Posts Taggedweb development
About a month ago, I rounded up a set of 10 tiny but really useful free web apps for designers. Given how well the app ecosystem on the web has evolved over the years, there’s no reason to stick with the theme of designers, so here’s a list of 10 similar apps, but for web developers.
Made by one of the most prolific community of professionals on the web, for themselves and other like them. All these apps are simple, focused on doing one thing and doing it right. If you are a web developer, they all might come in pretty handy at some point or another.
When you think of a CMS, chances are you think of a PHP-based application installed on your server that lets you login and add/edit pages, such as Drupal or Joomla, or maybe even WordPress. Such content management systems are great, especially for users that aren’t massively fluent in code. However, the way these websites work can make it difficult to customise your website, leaving the backend dictating how the frontend works. Osmek, on the other hand, aims to be flexible enough (and powerful enough) to work with any design or idea you have whilst leaving you with benefit of easy data entry.
How does it do this, and how good a job does it do? Let’s take a look… (more…)
If you’re a web app developer, no doubt you’ve come across the often painstaking task of sending email within your app. If you’re just starting out, chances are you’re going to be using a small server that you’re maintaining yourself, and because email is a part of almost every app, it’s also your job to ensure that everything runs as smooth as possible.
But you’re a developer. You shouldn’t have to worry about taking care of the server and making sure it’s running when that important email comes in. Plus, even if it all appears to be working fine, how can you be sure how many emails are bouncing?
Postmark is an app that takes care of just that. It provides developers with an API that makes sending transactional emails from inside their apps a breeze. With its simple and to-the-point interface, your sent and received emails can be viewed just as easily. Read on to find out more!
For a while now, GitHub has been running a service called GitHub Pages. Based on Jekyll, GitHub Pages allows for the creation of websites as either standalone sites or to accompany code projects on GitHub. This is great, but adding new pages is a little tricky unless you’re a seasoned Git pro.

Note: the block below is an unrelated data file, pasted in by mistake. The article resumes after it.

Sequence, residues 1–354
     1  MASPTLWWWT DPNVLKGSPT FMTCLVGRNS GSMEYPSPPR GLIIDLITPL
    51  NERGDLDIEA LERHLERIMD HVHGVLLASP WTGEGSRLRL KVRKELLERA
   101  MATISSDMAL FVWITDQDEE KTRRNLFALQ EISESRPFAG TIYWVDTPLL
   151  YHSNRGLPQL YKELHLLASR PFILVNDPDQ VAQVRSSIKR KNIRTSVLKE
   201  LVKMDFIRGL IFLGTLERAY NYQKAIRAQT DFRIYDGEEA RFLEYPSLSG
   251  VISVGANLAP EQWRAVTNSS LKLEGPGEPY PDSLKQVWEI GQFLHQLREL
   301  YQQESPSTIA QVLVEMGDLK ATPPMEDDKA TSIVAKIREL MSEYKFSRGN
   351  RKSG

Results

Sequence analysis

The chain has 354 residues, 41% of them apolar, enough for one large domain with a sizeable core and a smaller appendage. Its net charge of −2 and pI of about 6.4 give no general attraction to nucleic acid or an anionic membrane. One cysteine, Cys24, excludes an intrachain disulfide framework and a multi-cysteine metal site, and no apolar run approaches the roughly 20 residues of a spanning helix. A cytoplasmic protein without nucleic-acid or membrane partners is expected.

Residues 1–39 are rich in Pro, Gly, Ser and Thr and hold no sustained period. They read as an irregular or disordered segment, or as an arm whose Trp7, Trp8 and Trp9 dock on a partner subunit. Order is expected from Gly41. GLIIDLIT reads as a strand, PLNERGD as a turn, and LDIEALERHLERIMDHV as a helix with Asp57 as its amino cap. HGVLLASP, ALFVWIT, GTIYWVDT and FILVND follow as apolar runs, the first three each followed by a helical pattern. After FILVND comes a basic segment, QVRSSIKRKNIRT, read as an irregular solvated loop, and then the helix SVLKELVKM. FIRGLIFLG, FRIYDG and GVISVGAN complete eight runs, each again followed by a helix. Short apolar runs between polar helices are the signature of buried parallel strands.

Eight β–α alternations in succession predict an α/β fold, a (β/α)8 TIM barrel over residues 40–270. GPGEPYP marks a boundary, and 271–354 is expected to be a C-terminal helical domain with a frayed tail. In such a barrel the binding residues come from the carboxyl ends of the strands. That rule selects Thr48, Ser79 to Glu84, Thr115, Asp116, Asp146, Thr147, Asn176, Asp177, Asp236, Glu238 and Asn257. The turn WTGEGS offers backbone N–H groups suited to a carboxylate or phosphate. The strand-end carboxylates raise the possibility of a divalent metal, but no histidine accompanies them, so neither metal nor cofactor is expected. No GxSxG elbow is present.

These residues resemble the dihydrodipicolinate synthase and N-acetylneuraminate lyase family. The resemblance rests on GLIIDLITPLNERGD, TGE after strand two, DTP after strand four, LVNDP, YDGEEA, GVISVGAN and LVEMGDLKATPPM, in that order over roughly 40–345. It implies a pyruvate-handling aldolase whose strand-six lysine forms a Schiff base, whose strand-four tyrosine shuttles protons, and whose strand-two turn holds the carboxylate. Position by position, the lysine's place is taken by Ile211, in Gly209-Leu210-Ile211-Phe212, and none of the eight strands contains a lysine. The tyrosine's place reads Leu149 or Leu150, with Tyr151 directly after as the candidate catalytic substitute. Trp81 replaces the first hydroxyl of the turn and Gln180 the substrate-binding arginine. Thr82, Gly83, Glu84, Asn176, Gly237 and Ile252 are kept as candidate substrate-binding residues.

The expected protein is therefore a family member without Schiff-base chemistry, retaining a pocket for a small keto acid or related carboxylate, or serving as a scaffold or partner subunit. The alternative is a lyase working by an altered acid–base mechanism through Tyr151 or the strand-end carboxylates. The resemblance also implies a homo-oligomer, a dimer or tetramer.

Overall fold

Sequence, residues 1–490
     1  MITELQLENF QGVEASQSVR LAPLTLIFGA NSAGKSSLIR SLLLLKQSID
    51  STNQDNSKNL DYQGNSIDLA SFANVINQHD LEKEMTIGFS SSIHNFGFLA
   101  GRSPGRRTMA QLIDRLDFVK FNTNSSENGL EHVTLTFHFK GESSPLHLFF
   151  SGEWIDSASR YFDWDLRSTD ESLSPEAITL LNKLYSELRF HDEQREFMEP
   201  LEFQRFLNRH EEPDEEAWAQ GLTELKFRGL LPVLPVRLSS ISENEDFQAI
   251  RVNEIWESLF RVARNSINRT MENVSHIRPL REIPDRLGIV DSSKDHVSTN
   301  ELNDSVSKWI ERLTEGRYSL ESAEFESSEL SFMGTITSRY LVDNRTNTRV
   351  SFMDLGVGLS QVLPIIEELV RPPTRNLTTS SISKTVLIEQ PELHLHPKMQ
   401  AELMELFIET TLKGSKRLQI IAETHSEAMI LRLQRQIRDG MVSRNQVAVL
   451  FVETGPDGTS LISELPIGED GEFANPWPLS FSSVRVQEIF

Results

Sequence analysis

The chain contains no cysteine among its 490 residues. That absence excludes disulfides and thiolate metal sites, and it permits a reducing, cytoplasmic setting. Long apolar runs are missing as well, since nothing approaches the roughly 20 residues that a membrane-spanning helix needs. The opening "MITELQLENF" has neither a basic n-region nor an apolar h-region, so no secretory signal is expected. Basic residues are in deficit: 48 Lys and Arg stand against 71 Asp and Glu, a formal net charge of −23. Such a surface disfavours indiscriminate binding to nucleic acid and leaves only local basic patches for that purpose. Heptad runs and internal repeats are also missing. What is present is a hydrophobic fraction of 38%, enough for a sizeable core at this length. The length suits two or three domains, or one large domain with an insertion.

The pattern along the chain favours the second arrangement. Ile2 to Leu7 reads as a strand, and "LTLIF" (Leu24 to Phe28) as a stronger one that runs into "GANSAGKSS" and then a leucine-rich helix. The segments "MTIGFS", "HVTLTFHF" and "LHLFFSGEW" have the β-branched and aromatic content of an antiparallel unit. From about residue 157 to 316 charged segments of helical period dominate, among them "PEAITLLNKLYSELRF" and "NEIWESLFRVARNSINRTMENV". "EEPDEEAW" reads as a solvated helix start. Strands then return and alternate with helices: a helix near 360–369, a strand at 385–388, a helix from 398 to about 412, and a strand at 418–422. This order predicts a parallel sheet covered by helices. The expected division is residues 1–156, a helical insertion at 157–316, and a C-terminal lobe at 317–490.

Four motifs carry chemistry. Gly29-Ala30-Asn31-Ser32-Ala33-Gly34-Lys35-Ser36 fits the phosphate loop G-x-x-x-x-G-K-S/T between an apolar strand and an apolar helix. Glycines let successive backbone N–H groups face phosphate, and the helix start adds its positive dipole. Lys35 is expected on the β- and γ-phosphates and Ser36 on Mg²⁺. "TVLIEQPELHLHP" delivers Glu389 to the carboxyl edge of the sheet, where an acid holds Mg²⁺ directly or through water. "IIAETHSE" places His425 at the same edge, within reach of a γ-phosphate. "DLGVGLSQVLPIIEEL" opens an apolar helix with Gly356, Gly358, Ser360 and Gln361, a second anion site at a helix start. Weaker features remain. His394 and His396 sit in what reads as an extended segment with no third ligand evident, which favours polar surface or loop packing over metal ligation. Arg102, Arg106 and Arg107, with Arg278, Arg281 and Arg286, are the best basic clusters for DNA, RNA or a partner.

That is where Prose comes in. Once you’ve authenticated your GitHub account, Prose lets you edit existing text files and create new ones ready for Jekyll to convert them to HTML. Prose is geared towards the creation of new Jekyll pages in the Markdown format. Markdown, if you’re unfamiliar, is a simple type of markup language designed to be both easy to learn and to convert to well-formed HTML.
The question is, do Prose and GitHub make a good enough team to displace more traditional website backends?
At this time of age, web presence is really critical for your business. Whether you are a florist or running a pet store, nothing sets your apart more than a beautifully crafted website. You’ll be able to reach customers far outside of your normal customer base, and better engage your existing customers.
But web development involves a steep learning curve, and could easily scare beginners away. You can hire a professional developer to do the chores, but that can be prohibitively expensive for small businesses. Is there any simple yet inexpensive way that makes it easy? That’s exactly where Weebly comes in.
Many tools and packages exist online to help people create websites with minimal effort and involvement. Of course, each one has their own strengths and weaknesses. Some are more aimed at creating blogs, while others are better for single-page info sites.
Moonfruit is another competitor in this market. It looks stylish, promises to be simple, and … you do want to create a new site, right? So what does it have to offer, and what are it’s pros and cons? Lets take a look…
I’ve just finished designing a website, and I used a ton of CSS: everything from laying out my content, to styling elements like the headings. Then, Twitter released Bootstrap, and I’m pretty disappointed I didn’t delay starting to design it.
Say you’re a web designer new to the scene and don’t know all the ropes. Bootstrap from Twitter is aimed at providing a bunch of really useful CSS classes and IDs in a single library that’s simple to use, removing a lot of the load of designing a website from scratch. Bootstrap is a package, and includes a ton of user interface elements styled to be usable in any web app, or site.
Web development is one of the fastest growing industries in the world. The value of the web has become apparent and business and individuals alike have jumped on board the web bandwagon. During it’s humble beginners, you might find a web developer writing his code in a text editor like Notepad. However, as the web technologies themselves progress, developers can take advantage of rich web apps to produce their content.
In today’s extended roundup, we’ll be taking a look at around eighty or so tools that operate entirely on the web, that you can use in your web development workflow. For the purposes of this roundup, “development” refers to the overall process of a website’s creation and not necessarily just the coding side of things.
Let’s get started.